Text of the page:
December 2017
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Why we need to banish the word “deficit”: How to “chote”

“Deficit” is a terrible word. For a start, it doesn’t really really mean much to many people. After all, it’s a word from economics rather than from real life. Plus there are a large number of Brits (presumably those stupid enough to watch shows like Simon ‘Slimey’ Cowell’s the FiX-Factor, TOWIE and I’m a Celebrity) who don’t understand the difference between “deficit” and “debt”. These good people, probably around half of the population, don’t understand that every day there is a deficit, our debt increases.

We should replace the word “deficit” with the word “overspending”. Every day the Government runs a deficit, it is spending more than it earns. This change of wording would convert the abstract concept of “deficit” to something much more concrete “overspending”. This might mean something to even the stupidest of Brits and even (one hopes) to Guardian readers and Labour supporters.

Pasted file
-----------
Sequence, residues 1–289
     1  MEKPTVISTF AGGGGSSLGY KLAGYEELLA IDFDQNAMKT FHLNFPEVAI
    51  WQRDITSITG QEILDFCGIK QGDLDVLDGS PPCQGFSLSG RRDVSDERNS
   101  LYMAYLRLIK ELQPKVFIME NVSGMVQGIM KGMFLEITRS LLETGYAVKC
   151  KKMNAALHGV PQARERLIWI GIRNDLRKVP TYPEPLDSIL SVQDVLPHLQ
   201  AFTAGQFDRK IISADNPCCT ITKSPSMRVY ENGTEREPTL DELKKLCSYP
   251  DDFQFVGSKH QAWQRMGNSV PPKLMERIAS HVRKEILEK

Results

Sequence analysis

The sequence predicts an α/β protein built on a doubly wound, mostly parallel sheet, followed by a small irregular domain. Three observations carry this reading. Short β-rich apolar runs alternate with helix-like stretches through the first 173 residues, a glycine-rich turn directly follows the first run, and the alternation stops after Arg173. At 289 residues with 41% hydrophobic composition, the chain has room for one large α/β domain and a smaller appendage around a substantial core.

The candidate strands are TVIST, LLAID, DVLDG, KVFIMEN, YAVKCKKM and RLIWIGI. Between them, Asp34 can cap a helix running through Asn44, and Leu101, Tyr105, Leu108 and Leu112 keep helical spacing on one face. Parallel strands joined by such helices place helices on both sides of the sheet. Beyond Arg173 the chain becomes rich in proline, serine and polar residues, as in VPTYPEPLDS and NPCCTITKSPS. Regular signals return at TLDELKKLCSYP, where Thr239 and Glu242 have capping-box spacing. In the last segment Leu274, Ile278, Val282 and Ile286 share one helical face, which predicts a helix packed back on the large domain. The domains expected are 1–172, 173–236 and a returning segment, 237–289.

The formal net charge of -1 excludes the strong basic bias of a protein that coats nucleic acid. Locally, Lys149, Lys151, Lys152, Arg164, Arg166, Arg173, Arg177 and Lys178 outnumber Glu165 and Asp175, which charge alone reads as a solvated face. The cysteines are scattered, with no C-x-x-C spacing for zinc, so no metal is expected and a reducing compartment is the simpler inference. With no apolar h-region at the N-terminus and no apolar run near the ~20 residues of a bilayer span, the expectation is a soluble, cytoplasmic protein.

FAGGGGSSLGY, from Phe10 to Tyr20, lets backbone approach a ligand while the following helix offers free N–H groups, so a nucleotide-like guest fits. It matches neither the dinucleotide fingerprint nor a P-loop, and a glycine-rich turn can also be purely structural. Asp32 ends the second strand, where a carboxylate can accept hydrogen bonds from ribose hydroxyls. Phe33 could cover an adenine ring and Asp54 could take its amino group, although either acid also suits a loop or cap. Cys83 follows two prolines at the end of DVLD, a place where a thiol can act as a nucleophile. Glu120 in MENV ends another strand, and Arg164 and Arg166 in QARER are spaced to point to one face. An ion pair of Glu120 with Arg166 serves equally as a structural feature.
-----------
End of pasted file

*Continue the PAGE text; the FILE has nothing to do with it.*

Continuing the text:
Words are important. Replacing the word “deficit” with the word “overspending” would hugely improve our incompetent, bungling Coalition’s ability to get its message across. But such an idea would never occur to the sycophantic, career-obsessed, unimaginative advisers (hello Claire, Robert and Neil) and supposed communication experts employed by Cameron, Osborne and Clegg.

Talking of words, I think we need a new word added to the English language. The word is a verb “to chote”. Choting is named after the boss of Osborne’s £2m a year useless quango – the wildly misnamed Office for Budget Responsibility (OBR). To chote is to produce completely imaginary forecasts both to sycophantically please your political masters and to keep your own well-paid, taxpayer-funded and unnecessary job. The buffoon Mervyn King was a great choter – for about 5 years he produced monthly inflation forecasts that didn’t have the slightest connection to reality, but meant that he kept his job and multimillion pound pension pot. As our national debt zooms up into the stratosphere, we can expect an awful lot more choting from the OBR, the Treasury and the BoE.

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